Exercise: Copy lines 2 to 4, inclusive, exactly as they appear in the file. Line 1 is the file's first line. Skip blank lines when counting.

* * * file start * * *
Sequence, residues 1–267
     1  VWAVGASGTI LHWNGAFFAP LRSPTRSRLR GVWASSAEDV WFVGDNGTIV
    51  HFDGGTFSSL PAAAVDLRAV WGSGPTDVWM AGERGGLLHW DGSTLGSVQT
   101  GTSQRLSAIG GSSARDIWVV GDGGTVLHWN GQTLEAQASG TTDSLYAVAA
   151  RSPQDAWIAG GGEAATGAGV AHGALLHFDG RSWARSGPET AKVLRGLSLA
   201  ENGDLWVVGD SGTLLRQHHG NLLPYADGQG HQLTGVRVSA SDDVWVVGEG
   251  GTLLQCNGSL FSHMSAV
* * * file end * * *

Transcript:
     1  VWAVGASGTI LHWNGAFFAP LRSPTRSRLR GVWASSAEDV WFVGDNGTIV
    51  HFDGGTFSSL PAAAVDLRAV WGSGPTDVWM AGERGGLLHW DGSTLGSVQT
   101  GTSQRLSAIG GSSARDIWVV GDGGTVLHWN GQTLEAQASG TTDSLYAVAA